Beverly Warren talks change leadership as Kent State University’s new president

 

Newly appointed Kent State University President Beverly Warren wants accessibility and visibility to be the hallmarks of her tenure. Putting that vision into practice means ensuring there’s time on her schedule to fulfill the myriad duties of her presidency and meet with stakeholders, all while driving toward her goal of developing Kent State into a global destination that draws the best and brightest to Northeast Ohio.

The first step she’s taken on that journey is to get the pulse of the community and discover as much as she can. During the months leading up to her July 1 start, she visited the campus regularly to learn from outgoing president Lester A. Lefton and meet as many people at Kent State and in the surrounding community as she could.

“Getting insight from those who actually enact a vision is a really healthy place to start,” Warren says. “And they can help with pacing of change.”

She met with students, the senior leadership team at Kent State and traveled to each of the seven regional campuses, which meant driving 500 miles in two days, to see for herself what life is like at Kent.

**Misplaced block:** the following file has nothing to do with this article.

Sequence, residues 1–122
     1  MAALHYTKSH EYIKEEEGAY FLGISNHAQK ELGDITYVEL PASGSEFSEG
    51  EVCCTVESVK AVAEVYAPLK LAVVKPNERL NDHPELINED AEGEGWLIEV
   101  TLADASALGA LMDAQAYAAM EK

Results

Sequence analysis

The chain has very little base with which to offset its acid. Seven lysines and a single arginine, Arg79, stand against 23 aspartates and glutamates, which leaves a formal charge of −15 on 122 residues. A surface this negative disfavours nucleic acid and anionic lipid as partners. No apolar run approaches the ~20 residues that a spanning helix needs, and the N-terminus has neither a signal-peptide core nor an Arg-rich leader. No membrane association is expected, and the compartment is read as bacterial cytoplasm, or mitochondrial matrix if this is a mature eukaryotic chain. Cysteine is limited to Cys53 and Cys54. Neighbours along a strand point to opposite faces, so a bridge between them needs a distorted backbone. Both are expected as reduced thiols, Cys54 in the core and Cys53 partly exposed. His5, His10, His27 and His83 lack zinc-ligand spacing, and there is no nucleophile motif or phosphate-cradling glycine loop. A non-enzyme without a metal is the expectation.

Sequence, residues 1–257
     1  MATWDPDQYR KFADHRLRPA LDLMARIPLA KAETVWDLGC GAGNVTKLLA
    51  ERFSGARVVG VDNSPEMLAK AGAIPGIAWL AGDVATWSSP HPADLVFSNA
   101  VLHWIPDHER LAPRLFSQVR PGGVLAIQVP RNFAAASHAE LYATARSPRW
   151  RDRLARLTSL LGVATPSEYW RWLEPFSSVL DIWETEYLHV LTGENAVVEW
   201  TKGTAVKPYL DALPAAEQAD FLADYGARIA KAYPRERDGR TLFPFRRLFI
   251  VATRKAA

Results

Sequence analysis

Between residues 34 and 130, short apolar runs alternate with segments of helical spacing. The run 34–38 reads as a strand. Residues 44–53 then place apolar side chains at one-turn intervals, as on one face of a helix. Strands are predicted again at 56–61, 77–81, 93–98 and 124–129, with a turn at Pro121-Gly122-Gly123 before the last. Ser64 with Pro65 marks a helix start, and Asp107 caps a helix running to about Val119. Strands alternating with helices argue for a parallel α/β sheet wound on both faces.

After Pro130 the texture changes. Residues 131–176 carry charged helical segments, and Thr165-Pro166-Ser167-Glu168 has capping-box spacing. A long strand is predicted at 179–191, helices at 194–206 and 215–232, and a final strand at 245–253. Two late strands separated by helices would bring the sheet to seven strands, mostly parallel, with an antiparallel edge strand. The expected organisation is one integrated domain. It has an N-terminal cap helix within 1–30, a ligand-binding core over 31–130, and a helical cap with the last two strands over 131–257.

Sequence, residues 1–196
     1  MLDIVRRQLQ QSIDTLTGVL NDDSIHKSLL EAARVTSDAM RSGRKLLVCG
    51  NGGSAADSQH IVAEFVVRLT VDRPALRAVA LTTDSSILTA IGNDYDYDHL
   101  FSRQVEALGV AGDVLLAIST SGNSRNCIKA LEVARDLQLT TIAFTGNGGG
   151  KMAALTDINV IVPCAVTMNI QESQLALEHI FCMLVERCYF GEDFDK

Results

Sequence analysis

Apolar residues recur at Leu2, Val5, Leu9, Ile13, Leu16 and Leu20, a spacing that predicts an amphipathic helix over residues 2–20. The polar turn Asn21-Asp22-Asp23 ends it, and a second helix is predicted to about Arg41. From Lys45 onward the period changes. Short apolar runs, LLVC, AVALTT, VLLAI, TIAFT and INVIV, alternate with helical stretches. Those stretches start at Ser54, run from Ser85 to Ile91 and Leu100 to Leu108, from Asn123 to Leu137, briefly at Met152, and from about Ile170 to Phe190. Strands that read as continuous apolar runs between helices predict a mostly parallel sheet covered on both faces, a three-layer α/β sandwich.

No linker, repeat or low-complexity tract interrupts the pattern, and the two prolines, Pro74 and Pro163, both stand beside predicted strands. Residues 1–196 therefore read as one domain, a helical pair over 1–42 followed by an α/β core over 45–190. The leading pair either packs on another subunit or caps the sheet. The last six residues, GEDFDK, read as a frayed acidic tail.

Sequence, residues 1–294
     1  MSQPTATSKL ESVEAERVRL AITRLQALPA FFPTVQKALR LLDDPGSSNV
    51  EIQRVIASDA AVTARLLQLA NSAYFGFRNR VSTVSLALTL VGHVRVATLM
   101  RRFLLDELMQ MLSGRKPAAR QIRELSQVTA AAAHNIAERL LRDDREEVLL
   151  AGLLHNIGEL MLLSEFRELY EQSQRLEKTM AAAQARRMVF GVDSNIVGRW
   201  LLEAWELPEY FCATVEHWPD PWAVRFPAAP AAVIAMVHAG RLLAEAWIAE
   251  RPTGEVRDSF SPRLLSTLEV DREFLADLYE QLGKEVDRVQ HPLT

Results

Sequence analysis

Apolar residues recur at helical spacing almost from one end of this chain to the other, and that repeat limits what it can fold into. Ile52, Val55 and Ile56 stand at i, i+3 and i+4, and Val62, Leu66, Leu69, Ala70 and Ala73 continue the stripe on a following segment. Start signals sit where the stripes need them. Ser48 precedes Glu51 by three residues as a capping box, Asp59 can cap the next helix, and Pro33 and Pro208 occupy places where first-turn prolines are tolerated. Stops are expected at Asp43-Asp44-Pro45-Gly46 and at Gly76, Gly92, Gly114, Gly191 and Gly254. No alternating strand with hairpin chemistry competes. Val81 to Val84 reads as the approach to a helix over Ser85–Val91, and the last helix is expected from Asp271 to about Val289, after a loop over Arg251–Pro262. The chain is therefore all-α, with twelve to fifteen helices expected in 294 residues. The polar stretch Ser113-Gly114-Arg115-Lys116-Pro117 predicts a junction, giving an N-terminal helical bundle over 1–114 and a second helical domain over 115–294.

Being visible

“I don’t know that I can tell you the name of the president of my university as an undergraduate, and I want students to feel that they know their president and they know their president cares about them,” Warren says. “The same with faculty and staff, so I try to be as visible as I can because I want them to know that I’m engaged and I value what they do.”

College presidencies today are complex positions, she says. They are external advocates, fundraisers, lobbyists and the external face of their universities, all of which takes a lot of a president’s time. Being visible and accessible is a challenge, she says, because there are only so many hours in a day to manage all a president’s duties and maintain the financial viability of the institution.

“I just think it’s worth the investment to make sure that I’m connected internally, because my belief is if I’m visible and I’m connected internally, I have a much better story to tell to the external audience,” Warren says.

Being visible, however, means finding the time to meet with stakeholders. That requires Warren to be strategic with her calendar so that her schedule reflects the core values and expectations she’s set.

“We try to be very strategic about internal visibility and external advocacy, and that sometimes ebbs and flows,” she says. “For example, I’ve been probably quite external at the moment, just trying to meet people, particularly people within Northeast Ohio. Blocking off time for strategic thinking and analysis is probably the hardest one.”